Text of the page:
Liljeholmen, Stockholm, Exploring Sweden

Liljeholmen, Stockholm – Exploring Sweden

Liljeholmen is one of the districts in the southern part of Stockholm, just south of the island of Södermalm. Other neighboring districts are Aspudden, Gröndal, Midsommarkransen, Västberga, and Årsta. Liljeholmen is home to around 16,700 inhabitants as well as several larger businesses. The former industrial areas here have, however, more recently been developed into residential areas. One of the more noteworthy is Lövholmen, right at the shores of the small strait that separates Liljeholmen from Södermalm and the more central districts of Stockholm. There is, however, a center of its own to be found here next to the metro station.

A Short History of Liljeholmen

Industrial exploitation of the area had begun already in the 18th century. These industries also included the establishment of new residential areas in their vicinity. The railway arrived here in the 1860s and included a depot for maintenance. This meant that Årstadal became of of the first suburbs of Stockholm at the end of the 19th century, with a residential area that became known for its low quality, something that has been compared to a shanty town.

Brännkyrka Municipality, of which Liljeholmen was a part, was incorporated into Stockholm Municipality in 1913. The bridge between Liljeholmen and Södermalm, Årstabron, was completed in 1929. A few years later in 1934, Liljeholmen received the status as a district of the city of Stockholm. The 19th century also saw the development of more industries and offices in the area. Several residential developments have also taken place and one major commercial center was developed in the 1970s with Liljeholmstorget. Liljeholmstorget is the central square that was built on top of the metro station. The station itself opened in 1964.

More recently there has been a drive to replace many of the old industrial areas with residential areas. The central square Liljeholmstorget received an update in 2007 and the shopping center here opened in 2009. About the same time the waterfront of Liljeholmskajen was being developed as a new residential area.

Things to Do and See

Liljeholmen is today mostly a residential and office discrict of Stockholm. There is, however, quite a lot to explore here and it is a district in constant development. Enjoy the waterfront, or walk through one of the many parks. Maybe end it with a visit to the busy heart at Liljeholmstorget. The rest of Stockholm is also within easy reach with many means of communications, such as the metro, the tram or the many busses.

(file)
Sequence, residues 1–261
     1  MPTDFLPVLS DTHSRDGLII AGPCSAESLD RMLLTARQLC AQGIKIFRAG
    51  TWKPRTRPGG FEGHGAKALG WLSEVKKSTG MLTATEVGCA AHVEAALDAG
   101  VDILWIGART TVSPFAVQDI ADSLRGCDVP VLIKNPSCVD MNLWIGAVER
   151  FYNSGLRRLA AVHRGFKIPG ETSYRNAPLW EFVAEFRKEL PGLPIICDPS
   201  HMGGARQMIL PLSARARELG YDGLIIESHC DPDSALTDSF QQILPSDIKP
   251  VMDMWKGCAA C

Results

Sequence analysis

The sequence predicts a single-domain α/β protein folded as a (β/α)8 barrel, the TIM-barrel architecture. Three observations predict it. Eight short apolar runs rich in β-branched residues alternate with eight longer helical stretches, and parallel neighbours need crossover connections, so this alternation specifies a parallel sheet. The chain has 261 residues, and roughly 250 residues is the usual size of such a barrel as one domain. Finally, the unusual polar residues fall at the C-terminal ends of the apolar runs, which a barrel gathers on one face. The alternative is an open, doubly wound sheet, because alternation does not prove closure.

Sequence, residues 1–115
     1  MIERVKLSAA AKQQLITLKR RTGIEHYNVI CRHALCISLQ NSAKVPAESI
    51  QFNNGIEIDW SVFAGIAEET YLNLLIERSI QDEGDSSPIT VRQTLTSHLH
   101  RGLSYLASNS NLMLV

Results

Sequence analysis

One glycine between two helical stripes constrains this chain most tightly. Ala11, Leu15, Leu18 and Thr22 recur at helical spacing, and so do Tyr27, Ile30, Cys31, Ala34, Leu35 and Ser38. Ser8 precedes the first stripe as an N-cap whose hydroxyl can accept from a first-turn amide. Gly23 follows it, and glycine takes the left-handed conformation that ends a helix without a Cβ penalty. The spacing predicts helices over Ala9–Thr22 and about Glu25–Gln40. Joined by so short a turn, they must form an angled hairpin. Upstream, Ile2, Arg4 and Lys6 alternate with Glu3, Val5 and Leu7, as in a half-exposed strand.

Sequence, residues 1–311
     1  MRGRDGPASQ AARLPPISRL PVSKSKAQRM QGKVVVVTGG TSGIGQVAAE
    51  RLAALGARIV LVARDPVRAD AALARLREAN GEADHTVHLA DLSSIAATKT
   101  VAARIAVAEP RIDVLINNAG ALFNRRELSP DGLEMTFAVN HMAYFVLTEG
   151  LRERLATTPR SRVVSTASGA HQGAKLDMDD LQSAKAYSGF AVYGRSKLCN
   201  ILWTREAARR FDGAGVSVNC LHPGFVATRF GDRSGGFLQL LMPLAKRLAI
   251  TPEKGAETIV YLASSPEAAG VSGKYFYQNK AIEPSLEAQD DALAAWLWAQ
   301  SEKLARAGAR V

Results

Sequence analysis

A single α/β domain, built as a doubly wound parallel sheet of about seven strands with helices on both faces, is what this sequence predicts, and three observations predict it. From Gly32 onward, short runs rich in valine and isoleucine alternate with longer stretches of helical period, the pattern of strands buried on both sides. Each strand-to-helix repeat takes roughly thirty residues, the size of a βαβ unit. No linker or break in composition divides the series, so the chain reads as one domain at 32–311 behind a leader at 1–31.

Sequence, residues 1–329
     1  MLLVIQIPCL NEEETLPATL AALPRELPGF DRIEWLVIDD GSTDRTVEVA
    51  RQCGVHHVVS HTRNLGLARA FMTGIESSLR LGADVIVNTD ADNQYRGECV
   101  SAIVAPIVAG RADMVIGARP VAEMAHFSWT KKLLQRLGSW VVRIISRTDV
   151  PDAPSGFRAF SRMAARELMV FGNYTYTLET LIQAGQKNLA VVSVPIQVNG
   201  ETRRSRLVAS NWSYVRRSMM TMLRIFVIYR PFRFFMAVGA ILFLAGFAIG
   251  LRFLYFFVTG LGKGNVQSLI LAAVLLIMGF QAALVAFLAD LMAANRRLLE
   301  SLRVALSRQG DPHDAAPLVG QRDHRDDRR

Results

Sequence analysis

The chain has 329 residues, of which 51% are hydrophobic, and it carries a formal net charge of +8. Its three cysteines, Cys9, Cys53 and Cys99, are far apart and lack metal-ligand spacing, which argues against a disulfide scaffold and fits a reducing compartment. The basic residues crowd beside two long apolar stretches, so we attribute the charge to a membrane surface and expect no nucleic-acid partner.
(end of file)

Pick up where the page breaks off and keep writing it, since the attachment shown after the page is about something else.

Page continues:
Liljeholmstorget is the central square and shopping center right next to the metro station and other commuter connections. The shopping center here opened in 2009 and is home to shops, restaurants, and other businesses.


Sjövikstorget is a square at the waterfront. It neighbors both the residential area of Årstadal and the offices of Marievik. The square was inaugurated in 2009 and received the architect award Stenpriset in 2015.


Liljeholmsbron is the car and pedestrian bridge that connects Liljeholmen with the district of Södermalm. It is a bascule bridge and was first completed in 1928, with a second stage completed in 1954. The bridge offers some great views of the waterfronts of both Liljeholmen and Södermalm.


Årstabergsparken is located on one of the hills, or mountains if directly translated from Swedish. It is a large park split into the four areas of Rävskogen, Sjövikskröken, Kråkberget, and Blockriket. All areas have their focus, with the shared attribute of always being close to nature. At the peak of the park, there is also a watch tower. From here you can see a large part of southern Stockholm.

Rävskogens Utsiktstorn

Rävskogens Utsiktstorn is the watch tower located in Årstabergsparken. The watch tower is built at the peak of the hill and includes four floors. reaching a height of around 11 meters. From where it is possible to see far out over Stockholm.

Lake Trekanten

Lake Trekanten, earlier known as Trehörningen, lies in the northwestern part of Liljeholmen, also bordering the district of Gröndal. This small lake has a walking path of around 1.75 kilometers along its shores. There are also park areas and a beach here. The beach Trekantenbadet was inaugurated in 1972 and is located in the district of Gröndal. Other activites here includes fishing and during the winter also ice skating. Fishing does, however, require a permit.

How to Get to Liljeholmen

  • Flights: Stockholm Arlanda Airport (ARN), is to 46 kilometers to the north.
  • Car: Liljeholmen lies along Road E4 just to the south of the center of Stockholm.
  • Bus: Buses from SL connect Liljeholmen with the surrounding area.
  • Metro: There is a metro stop in Liljeholmen that connects it to the rail network of Stockholm.
  • Train: There are several railway stations nearby. There is Flemmingsberg, Årstaberg, and the Central Station in Stockholm to mention a few.

The driving distance from 5 major Swedish cities, according to Google Maps:

  • Stockholm – 6 kilometers (9 min)
  • Gothenburg – 462 kilometers (4 h 40 min)
  • Malmö – 606 kilometers (6 h 10 min)
  • Linköping – 193 kilometers (2 h)
  • Kiruna – 1239 kilometers (13 h 20 min)

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